I thought of another video that might helpful. When I ordered my Garmin GTX 327 transponder, I also had the vendor create a labeled wiring harness to make things a little easier for my installation. When I started working on installing the harness, I found that there were a lot wires that I didn't need for the installation, since I'm only going to connect my transponder to my Dynon D-100. The one wire I did need wasn't there, in pin #19, which hooks to the Dynon 100. Then I watched the following video:
This video taught how to install male pins into a round connector. It also showed how to remove the pins, once installed, using a small tool that when inserted into a pin hole would release any pin already installed. I used my version of the tool to remove the wires that I didn't need and transferred one of the wires to pin hole #19, to use to connect to my Dynon D-100.
Since many of the current avionics use 25 pin connectors, I think it would make a great video to show not only the installation and removal of the male pins in these type connectors, but the female pins as well.
Smitty: A couple of things that will help with that video....It helps to get pins and sockets in and out of the conenctor body if you squirt/douse/dribble a little high purity alcohol into the hole you are going to work with. We do tons of Mil-Spec connectors that have the synthetic inserts as well as the hard inserts and the alcohol helps tremendously...especially if you are hanging upside down in a fuel tank trying to rewire a 30+ wire connector some stone mason broke during maintenance.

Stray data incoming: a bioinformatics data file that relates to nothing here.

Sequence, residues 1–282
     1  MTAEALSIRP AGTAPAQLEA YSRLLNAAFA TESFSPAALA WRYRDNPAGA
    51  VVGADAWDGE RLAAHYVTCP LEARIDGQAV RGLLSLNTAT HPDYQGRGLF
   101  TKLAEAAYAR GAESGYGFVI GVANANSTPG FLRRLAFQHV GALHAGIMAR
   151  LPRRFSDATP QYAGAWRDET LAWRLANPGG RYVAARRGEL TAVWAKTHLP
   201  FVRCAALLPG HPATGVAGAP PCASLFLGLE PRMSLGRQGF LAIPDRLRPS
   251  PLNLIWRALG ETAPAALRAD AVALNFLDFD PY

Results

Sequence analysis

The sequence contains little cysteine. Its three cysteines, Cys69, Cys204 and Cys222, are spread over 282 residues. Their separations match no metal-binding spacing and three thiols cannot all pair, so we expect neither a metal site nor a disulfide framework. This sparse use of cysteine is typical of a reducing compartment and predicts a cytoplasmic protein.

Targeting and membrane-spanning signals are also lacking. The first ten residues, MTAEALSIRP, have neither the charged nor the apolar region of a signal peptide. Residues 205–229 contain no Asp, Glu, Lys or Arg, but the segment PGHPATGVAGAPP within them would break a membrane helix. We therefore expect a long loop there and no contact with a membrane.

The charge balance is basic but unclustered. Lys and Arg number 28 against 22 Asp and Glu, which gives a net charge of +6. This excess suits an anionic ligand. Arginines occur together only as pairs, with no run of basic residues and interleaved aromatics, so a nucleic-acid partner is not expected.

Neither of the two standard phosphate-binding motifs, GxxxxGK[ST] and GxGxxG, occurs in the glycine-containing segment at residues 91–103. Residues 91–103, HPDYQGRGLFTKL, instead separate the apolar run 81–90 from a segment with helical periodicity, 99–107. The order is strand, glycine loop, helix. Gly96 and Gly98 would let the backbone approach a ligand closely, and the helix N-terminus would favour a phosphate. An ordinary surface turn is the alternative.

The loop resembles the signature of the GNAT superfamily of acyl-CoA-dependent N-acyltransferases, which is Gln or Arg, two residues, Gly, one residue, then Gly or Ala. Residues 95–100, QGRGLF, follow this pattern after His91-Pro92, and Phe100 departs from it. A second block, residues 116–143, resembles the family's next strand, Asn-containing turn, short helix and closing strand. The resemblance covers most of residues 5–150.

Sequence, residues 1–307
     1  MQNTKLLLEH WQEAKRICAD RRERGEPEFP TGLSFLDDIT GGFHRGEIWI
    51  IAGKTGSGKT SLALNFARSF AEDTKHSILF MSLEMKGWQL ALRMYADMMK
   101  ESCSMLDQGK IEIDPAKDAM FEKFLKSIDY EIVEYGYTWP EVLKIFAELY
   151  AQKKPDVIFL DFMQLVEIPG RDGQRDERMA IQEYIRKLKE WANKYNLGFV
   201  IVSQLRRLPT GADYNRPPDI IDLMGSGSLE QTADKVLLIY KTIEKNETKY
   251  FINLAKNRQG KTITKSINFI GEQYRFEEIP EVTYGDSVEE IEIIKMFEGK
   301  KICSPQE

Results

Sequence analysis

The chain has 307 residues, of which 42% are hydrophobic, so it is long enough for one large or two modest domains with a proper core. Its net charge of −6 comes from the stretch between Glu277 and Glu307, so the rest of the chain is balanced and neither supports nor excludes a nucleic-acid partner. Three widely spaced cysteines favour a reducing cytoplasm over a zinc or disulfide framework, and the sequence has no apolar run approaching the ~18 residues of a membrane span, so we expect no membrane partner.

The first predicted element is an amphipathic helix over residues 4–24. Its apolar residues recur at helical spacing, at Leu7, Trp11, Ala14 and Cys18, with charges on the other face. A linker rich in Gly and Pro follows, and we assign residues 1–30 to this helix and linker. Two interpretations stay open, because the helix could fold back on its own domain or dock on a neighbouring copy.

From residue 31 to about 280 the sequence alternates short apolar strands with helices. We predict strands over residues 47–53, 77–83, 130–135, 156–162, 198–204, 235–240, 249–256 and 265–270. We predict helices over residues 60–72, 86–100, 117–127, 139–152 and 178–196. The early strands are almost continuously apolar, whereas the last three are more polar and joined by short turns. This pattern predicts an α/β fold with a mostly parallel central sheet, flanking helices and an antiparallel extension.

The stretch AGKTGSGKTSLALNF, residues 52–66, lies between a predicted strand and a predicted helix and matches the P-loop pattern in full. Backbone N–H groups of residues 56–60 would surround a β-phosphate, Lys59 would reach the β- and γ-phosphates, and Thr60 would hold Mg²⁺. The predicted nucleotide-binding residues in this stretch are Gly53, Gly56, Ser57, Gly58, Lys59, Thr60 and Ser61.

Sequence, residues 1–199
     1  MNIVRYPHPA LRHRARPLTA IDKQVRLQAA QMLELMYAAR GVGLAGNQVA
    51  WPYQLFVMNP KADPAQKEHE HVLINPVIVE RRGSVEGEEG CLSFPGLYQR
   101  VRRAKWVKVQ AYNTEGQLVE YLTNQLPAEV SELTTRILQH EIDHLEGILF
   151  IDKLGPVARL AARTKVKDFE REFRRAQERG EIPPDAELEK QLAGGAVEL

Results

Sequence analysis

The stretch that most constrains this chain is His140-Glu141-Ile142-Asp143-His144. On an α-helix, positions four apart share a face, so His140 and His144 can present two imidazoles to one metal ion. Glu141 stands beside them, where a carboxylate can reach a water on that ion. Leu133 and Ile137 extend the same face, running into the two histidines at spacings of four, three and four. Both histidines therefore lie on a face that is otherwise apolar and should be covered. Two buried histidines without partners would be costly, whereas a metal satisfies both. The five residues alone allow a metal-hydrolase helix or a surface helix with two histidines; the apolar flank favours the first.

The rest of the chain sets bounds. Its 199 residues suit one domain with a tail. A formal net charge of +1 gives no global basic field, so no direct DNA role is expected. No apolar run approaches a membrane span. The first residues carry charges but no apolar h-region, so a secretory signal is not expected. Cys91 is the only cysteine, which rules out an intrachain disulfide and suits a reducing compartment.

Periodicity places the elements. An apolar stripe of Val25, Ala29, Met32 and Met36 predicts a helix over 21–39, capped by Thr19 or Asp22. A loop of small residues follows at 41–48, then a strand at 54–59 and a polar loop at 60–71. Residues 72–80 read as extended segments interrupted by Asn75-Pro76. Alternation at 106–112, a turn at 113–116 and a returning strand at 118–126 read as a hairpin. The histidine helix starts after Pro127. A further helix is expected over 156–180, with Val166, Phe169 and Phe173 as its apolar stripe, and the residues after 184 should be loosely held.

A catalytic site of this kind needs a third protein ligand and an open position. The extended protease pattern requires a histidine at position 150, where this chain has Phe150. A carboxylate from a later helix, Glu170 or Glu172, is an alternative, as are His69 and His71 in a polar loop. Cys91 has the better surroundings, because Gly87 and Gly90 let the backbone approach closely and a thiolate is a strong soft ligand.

Also, using the self stick silicone is fine, IF you have everything already working as it should. It's terrible to get apart if you have to break into the connector for some reason. We use it in a few places, but for the most part, we use teflon electrical tape when we need to add diameter to the wire bundle at the strain relief. It will stick to itself but can be cut with an X-acto if needed.
A good practice to use when you are working on the wiring plan, is to block draw your wiring schematics... ie a block with all the pin listings between that connector and the next one, showing only the ones going between the two. You may end up with the same connector on multiple diagrams, buty that's ok. It saves time and effort if you have to do some troubleshooting and makes it way easy to do a ringout prior to powering up your bird the first time. It aslo saves frustration if you are working with a big connector that has wires going to multiple locations
I appreciate the advice!
I tell everyone that as an electrician, I'm one heck of a dentist...
I built an airplane with out much difficulty, but now I need to know how to maintain it properly.
Could a short presentation be made like "new owners 101" or "tip's to taking care of your new baby".
I added it to the list Brian!
Originally Posted by hydroguy2
I'd love to see a video and tips on how to use a vacuum bag to form aluminum leading edges. Alternately, other good techniques for a homebuilder to form leading edges.
Keep the ideas coming...added yours Kyle!
I'd like to see a "how to" segment on creating small parts from Plexiglas sheet. Besides the obvious...using a mold of some sort and the judicious application of heat....how is shaping Plexiglas properly done?
Originally Posted by Charlie Becker
Good idea Rick...might be a good discussion to get in to to learn more about it to bring us to a point where we could do a video on it. I'm pretty sure a few Tailwind builders have shaped their own wingtip lenses, so maybe that would be a source...
I'd like to learn how to build a nice, pretty electrical wiring harness.